FIG. 1 is a schematic diagram of an exemplary system for performing acoustic thermography.

FIG. 2 is a schematic representation of a computerized system including a processor configured to process a thermal response of material applied to a test specimen undergoing inspection in accordance with aspects of the present invention.

FIG. 3 show respective plots of each infrared (IR) signal amplitude obtained from two exemplary types of adhesive strips as a function of the vibratory amplitude applied to a turbine blade.

DETAILED DESCRIPTION OF THE INVENTION

An exemplary system 10 used for nondestructive testing of a test specimen 12 is illustrated in schematic form in FIG. 1. The system includes an acoustic energy source 14 for delivering acoustic energy to a surface 16 of the specimen 12, as the specimen is held in a fixture 32. The type of specimens that may be inspected may be the type where a failure could cause operational issues, for example, heat exchanger tubes and other metal components used in nuclear and other types of steam generators, power generation gas turbines and steam turbines, electrical generators, aircraft parts, aerospace, automotive, manufacturing, electronics, marine, construction parts and the like.

The acoustic energy source 14 may be an ultrasonic piezoelectric device. The acoustic energy may be transferred through a probe tip such as horn 18 having a face 20 for making contact with specimen surface 16. Vibrations within the specimen 12 will cause localized heating in an area 22 surrounding a crack in the specimen 12. The increased temperature of area 22 is detected by a thermal imaging apparatus 24 (e.g., an infrared camera) for generating an image responsive to a temperature profile of the specimen 12 under influence of the acoustic energy.

Prior to the present invention, voids, pits, porosity and other open gross discontinuities generally have not been well suited to this examination method unless they have a defect with contacting surfaces associated with them. The discontinuities that have traditionally favored thermosonic imaging have been cracks, laminations, bond-line issues, and other types of discontinuities that either allow for the friction of faying surfaces or the stress concentration at notch areas.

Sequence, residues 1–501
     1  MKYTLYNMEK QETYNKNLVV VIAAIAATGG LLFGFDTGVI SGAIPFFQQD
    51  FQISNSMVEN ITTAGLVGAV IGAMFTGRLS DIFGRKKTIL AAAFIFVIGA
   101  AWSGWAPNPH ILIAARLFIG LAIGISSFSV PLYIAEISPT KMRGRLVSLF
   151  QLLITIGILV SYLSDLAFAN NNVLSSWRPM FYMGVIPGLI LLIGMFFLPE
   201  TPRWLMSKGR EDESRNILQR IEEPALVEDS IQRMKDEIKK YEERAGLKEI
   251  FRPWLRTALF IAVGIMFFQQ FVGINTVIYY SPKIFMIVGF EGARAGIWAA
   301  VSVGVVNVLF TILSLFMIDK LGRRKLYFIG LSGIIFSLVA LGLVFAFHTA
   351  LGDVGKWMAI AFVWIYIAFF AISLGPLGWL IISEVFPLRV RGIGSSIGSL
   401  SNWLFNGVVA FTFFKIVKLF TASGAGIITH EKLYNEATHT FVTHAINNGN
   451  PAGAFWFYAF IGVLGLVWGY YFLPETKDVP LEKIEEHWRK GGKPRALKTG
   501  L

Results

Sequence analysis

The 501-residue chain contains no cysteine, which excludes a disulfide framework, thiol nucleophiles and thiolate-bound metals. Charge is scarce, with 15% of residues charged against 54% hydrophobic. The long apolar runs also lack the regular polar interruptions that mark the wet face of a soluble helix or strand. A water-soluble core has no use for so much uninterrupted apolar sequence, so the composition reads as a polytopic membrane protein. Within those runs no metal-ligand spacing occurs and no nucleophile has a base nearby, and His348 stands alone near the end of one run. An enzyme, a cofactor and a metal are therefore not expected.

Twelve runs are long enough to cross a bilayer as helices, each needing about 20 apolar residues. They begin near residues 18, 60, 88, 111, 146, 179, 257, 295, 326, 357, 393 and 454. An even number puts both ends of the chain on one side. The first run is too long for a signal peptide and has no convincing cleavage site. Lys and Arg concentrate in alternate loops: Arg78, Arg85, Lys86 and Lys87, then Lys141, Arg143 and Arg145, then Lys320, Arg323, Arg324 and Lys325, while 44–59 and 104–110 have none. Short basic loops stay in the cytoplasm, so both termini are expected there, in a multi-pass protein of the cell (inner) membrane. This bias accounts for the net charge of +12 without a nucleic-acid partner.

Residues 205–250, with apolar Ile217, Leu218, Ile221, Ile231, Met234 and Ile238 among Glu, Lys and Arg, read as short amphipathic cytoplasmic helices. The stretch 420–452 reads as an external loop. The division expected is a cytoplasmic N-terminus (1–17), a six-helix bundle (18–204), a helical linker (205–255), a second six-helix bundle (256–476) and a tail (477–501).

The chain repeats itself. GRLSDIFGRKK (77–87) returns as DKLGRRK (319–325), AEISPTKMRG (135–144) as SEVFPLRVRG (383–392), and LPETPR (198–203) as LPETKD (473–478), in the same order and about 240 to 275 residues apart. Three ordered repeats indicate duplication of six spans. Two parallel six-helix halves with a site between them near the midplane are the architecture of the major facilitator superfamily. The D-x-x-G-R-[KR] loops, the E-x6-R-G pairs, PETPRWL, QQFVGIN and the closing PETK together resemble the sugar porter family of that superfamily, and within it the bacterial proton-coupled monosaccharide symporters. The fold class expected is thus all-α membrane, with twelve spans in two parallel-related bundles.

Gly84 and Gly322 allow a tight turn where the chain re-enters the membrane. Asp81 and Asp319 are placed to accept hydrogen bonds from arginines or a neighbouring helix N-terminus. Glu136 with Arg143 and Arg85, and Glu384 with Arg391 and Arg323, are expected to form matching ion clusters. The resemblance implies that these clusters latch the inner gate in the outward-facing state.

The imaging apparatus in one exemplary embodiment may sense infrared emissions in the 3–5 micrometer wavelength and may generate images at about 100 frames per second displayed at a monitor 26, such as may be part of a personal computer. What will be seen in the monitor 26 will be a gray-scale or color representation of a thermal image as detected by the thermal imaging apparatus. A controller 28 is used to control the operation of the various components of the system 10.

The controller could be any computer, microprocessor or automated control system suitable for any given application. In one exemplary embodiment, when the detection process is initiated, the controller causes the camera to begin taking sequential images of the specimen at a predetermined rate. Once the sequence of images is initiated, the controller may transmit a signal to an amplifier that causes the amplifier to send a pulse to the transducer to generate a pulsed ultrasonic signal. The ultrasonic energy may be in the form of a pulse at a given frequency. After the end of the pulse, the controller may command the camera to stop taking images. The images generated by the camera may be transmitted to the monitor to be displayed. The images may also be sent to a storage device to be viewed at another location or at a later time if so desired.